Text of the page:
KANSAS CITY, Mo. — Patrick Mahomes has always been the solution to whatever problems ail the Kansas City Chiefs.
The defense giving up gobs of yards and too many points to their opponent? Mahomes can outscore them.
Special teams is making blunders and causing poor field position? Mahomes can overcome it.
Wide receivers can’t get open? Mahomes can sling the ball so hard and so accurately that it doesn’t matter.
Yet midway through the most trying season of Mahomes’ professional career, and with the Chiefs fortunate to be in the hunt for an AFC West title that seems like their birthright, the question critics are beginning to ask is unthinkable: Has their half-billion dollar quarterback become the problem rather than the solution?
“There’s a challenge that we didn’t start the season the way we wanted to. But I think these last few weeks, we’ve shown we can win different ways,” Mahomes said. “The defense is playing good, special teams is playing good, and we’re doing enough as an offense right now. That comes with the adversity we’ve kind of gone through these last few seasons.
“We’ve learned how to win games even when it’s not pretty,” Mahomes continued. “Offensively we want to play better, but at the end of the day, I’d rather win and not play great offensively than like earlier in the season, when we played great on offense but lost. You want to play as a team, and I think that’s the biggest thing.”
Indeed, the Chiefs defense is finally starting to turn things around after an historically bad start. But whether that has to do with corrections made on their part or the fact that they’ve faced the dismal Giants and Aaron Rodgers-less Packers the past two weeks is another subject worthy of a spirited discussion.
What isn’t up for debate is that Mahomes is in the most prolonged slump of his career.
He is completing 65.2% of his passes for 2,534 with 20 touchdown throws and 10 interceptions for a 92.9 rating. All those numbers are the lowest through the first nine games of Mahomes’ career — except for picks, which is ticking upward.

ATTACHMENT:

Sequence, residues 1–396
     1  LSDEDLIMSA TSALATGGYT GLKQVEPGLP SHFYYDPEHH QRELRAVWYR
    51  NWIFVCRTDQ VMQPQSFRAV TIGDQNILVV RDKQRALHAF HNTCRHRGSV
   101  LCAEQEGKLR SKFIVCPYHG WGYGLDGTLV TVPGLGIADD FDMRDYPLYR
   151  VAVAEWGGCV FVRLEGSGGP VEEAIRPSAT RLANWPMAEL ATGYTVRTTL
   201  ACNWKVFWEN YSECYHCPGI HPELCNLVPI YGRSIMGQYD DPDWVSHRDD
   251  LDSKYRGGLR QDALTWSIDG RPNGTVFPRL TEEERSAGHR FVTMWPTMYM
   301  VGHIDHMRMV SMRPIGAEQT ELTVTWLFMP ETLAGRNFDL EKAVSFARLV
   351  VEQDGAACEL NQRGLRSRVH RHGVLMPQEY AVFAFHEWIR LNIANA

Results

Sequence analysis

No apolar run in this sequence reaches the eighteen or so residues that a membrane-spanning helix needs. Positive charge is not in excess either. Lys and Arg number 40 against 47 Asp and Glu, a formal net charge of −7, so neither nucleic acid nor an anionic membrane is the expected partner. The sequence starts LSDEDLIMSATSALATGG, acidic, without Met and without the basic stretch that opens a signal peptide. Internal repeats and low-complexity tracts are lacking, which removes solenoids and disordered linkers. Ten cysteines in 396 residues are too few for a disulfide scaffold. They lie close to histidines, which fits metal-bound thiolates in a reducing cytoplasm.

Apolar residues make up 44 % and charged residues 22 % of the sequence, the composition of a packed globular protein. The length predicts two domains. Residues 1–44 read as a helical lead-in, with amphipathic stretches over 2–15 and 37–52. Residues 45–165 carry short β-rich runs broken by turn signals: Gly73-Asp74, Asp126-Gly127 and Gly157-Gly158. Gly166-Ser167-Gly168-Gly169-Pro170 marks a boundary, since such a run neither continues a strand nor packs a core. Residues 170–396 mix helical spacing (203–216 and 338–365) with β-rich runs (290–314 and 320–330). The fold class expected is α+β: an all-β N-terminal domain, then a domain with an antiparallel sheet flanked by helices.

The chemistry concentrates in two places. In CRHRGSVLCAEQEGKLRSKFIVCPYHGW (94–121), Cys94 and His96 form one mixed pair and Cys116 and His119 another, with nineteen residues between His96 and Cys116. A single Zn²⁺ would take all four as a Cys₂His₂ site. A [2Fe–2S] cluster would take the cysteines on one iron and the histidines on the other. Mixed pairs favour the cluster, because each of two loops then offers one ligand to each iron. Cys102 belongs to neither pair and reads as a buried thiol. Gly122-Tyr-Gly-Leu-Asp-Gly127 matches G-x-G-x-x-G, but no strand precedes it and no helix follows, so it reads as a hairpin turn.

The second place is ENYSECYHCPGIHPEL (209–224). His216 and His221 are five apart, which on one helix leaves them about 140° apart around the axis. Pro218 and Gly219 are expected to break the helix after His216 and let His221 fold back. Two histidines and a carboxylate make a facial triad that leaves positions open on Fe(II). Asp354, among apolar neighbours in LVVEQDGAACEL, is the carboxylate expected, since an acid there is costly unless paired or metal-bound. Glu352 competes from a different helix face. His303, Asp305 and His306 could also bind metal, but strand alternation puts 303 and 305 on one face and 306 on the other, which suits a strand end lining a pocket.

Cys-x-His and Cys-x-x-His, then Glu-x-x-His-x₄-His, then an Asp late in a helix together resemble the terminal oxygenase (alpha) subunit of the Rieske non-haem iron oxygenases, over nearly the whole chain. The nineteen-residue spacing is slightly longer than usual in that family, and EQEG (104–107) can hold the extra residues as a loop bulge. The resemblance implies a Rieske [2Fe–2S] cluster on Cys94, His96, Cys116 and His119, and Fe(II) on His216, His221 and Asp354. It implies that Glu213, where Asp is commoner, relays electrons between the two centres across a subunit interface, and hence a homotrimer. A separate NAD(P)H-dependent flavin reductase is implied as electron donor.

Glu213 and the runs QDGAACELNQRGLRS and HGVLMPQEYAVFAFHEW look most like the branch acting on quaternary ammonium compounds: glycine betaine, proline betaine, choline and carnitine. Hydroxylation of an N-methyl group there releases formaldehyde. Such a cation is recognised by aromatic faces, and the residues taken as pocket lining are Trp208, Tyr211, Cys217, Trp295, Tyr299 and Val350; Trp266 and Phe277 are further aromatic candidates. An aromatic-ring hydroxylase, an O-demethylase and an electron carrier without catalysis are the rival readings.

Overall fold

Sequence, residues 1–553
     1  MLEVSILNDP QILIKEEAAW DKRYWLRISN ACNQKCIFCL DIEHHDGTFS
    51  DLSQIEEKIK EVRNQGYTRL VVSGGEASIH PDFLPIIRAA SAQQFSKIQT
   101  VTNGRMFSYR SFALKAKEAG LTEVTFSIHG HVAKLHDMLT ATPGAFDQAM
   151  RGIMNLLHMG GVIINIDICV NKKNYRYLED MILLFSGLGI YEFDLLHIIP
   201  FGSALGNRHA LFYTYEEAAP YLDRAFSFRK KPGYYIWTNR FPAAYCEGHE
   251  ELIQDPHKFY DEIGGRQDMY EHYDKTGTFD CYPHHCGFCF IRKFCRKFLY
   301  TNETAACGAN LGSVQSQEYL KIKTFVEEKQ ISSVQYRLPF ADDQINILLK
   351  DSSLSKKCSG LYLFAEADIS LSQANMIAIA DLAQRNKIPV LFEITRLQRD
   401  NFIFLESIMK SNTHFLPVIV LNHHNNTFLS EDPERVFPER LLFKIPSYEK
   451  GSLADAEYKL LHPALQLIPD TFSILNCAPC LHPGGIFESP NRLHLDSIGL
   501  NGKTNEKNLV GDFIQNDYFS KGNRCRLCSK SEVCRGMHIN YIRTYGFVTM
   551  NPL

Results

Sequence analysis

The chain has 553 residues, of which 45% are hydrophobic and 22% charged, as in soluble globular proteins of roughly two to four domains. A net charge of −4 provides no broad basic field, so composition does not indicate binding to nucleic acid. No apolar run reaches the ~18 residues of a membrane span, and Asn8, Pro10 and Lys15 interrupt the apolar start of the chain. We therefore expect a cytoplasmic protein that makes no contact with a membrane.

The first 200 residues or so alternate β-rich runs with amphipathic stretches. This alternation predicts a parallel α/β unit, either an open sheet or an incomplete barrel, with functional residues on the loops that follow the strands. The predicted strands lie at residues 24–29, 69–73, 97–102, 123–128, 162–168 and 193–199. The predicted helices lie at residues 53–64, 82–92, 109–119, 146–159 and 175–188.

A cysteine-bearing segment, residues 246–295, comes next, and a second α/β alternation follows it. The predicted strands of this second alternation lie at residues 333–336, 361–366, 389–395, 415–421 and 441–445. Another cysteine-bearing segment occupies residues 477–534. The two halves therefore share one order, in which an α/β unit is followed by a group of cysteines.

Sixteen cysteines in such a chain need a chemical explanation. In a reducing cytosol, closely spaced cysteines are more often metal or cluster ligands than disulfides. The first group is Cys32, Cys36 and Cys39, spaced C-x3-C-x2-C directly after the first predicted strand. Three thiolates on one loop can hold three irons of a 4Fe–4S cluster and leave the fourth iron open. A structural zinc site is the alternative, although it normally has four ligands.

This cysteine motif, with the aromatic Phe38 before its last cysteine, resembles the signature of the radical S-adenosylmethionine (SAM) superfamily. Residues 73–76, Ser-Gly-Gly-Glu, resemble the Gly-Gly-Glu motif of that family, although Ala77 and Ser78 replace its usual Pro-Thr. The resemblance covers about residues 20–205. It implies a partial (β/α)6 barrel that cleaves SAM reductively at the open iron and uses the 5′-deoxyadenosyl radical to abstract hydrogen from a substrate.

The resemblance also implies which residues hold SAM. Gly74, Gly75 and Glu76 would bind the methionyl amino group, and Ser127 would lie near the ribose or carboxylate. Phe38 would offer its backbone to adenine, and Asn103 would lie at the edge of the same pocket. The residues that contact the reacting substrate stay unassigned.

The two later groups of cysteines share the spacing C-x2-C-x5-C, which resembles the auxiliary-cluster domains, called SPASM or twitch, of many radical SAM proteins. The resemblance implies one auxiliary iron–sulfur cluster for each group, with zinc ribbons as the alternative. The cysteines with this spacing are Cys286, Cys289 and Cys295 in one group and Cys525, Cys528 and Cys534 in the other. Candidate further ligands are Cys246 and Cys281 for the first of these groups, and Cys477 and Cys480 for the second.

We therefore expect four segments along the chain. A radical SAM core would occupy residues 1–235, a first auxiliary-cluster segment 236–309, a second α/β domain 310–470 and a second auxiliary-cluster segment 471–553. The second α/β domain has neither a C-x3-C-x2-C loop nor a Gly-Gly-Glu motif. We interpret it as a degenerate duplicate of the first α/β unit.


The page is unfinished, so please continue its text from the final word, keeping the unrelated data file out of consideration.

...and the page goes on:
Last week’s game, a 13-7 defense-led victory over Green Bay, proved a perfect example. With the Packers playing the heavy Cover-2 defense that teams are using to take away deep shots to Tyreek Hill and Travis Kelce, the Chiefs managed 166 yards through the air — the fewest of Mahomes’ career in a game he’s completed — and 237 yards of total offense.
Mahomes was 0 for 5 on deep passes, too, and the Chiefs went three-and-out four times after their opening TD drive.
“Sometimes you got to go through some tough stuff to get to the good stuff,” Chiefs coach Andy Reid acknowledged, “and that’s the way I’m looking at it now. You find out about yourself as a football team when everything’s not perfect.”
Make no mistake: Reid has been under just as much of a microscope as his star quarterback.
The Chiefs have struggled to solve the defensive riddle first introduced by the Buccaneers in the Super Bowl and used by just about ever opponent since then. By refusing to give up the deep shot, defenses are forcing both Reid and Mahomes to harness their natural desire to go for the deep shot and instead dink-and-dunk their way downfield.
Two years ago, when the Chiefs won the Super Bowl, Mahomes threw 19 TD passes that traveled at least 20 yards, and he averaged 8.8 air yards per attempt and 6.5 per catch. Last year, when the Chiefs returned to the title game, Mahomes hit on 15 TD passes of at least 20 yards and averaged 8.4 air yards per attempt and 6.3 per catch.
This year he has six TD throws of at least 20 yards while averaging 7.8 air yards per attempt and 5.1 per catch.
“Every team has kind of their own little thing they do here and there, but it’s a lot of the same defenses that we’ve seen all year long,” Mahomes said.
“It just comes down to execution, and I keep saying it over and over again, but when you don’t execute in this league, you don’t score points. You’ve seen that these last few weeks, and you saw in the weeks when we were executing we were scoring points. That’s just on us to execute at a higher level. And that starts with me.”